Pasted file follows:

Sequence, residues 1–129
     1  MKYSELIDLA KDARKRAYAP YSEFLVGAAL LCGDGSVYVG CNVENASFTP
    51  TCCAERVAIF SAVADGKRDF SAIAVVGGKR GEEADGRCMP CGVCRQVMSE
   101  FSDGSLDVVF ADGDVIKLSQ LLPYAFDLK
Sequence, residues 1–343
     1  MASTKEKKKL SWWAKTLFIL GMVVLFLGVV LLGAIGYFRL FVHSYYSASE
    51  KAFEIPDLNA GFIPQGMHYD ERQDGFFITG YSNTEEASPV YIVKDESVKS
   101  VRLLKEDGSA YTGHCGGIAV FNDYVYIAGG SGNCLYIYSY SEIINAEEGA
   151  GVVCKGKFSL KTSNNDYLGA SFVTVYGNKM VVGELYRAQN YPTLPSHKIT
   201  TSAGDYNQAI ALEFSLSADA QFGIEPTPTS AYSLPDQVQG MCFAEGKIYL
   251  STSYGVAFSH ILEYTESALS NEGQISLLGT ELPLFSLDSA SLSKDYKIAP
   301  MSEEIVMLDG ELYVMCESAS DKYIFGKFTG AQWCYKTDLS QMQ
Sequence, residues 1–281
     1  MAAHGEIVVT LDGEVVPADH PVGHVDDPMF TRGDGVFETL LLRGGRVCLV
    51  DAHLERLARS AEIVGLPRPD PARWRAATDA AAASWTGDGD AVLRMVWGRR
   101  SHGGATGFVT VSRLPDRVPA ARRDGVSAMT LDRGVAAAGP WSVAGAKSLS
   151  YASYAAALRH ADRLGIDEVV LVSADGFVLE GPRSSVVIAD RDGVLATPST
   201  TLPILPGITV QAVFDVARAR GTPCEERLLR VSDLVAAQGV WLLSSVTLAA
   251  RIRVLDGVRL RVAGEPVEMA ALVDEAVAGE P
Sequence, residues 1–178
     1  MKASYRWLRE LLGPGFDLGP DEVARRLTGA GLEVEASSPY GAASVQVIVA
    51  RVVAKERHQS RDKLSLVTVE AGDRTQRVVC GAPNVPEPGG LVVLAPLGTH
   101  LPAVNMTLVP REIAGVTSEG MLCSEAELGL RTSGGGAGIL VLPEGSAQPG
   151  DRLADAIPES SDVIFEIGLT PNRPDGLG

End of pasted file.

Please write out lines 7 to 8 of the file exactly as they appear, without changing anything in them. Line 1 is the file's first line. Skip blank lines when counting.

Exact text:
    51  KAFEIPDLNA GFIPQGMHYD ERQDGFFITG YSNTEEASPV YIVKDESVKS
   101  VRLLKEDGSA YTGHCGGIAV FNDYVYIAGG SGNCLYIYSY SEIINAEEGA